One of our recent startup projects has been to develop and launch a video greeting card startup called Joycards.
It's early days, but so far user growth has been incredible and what started out as a test (we started extremely lean to test assumptions) is on its way to becoming a validated idea.
I've personally been involved in customer support for this startup and while I've done this many times before it has been a great reminder of the importance of the founders being the help desk in the early stages of their startup.
The feedback you get from users is invaluable.
As an early stage startup founder you'll probably have to triage help desk tickets out of necessity as you might not have a team. Thus, you'll have to be the customer support person.
Even if you've raised a large round of funding and can afford to hire a help desk team, you should still spend time each week taking support queries.
It's a role you should embrace and look forward to as you'll get to hear about all sorts of issues, and ideas, including:
Getting closer to your users, and engaging with them, is key for any business. If you've conducted customer research before launching your product you'll already know why.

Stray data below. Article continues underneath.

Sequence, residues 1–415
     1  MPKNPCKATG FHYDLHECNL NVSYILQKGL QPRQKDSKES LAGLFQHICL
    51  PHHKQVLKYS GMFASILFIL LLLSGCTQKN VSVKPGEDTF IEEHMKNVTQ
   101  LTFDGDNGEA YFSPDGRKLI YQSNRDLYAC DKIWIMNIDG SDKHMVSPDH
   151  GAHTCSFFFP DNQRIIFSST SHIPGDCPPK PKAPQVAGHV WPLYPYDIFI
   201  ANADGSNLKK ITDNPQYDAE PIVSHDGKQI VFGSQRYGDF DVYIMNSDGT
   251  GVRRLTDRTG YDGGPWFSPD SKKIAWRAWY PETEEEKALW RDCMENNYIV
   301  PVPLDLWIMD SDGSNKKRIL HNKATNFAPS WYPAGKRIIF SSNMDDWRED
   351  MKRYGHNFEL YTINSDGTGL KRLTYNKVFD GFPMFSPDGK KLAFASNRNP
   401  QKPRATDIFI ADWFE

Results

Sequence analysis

Continuing the conversation with your initial customers not only shows you care but sets you up for a better chance at success.
We've recently been using help desk software called Helpcrunch. It enables us to add a chat widget to the application so that logged in users can reach out for help or to report issues. We can respond to them within the chat widget or via email. Plus, the software offers a knowledge base tool so that users can self serve.
There are many tools like this on the market. We chose Helpcrunch as pricing was competitive, the product appeared to be widely used and it had the features we needed.
I've realised I have 2 major take aways from working on support tickets for an MVP stage startup over the past few months.
The first is empathy. Communicating directly with users helps you understand their pain points and ensures you 'walk a mile' in their shoes.
The second is to expect the unexpected. Fielding questions that we hadn't conceived of, and thought would never be asked, means that we've uncovered new feature ideas, questions to add to our FAQs and an understanding that not all users are the same.
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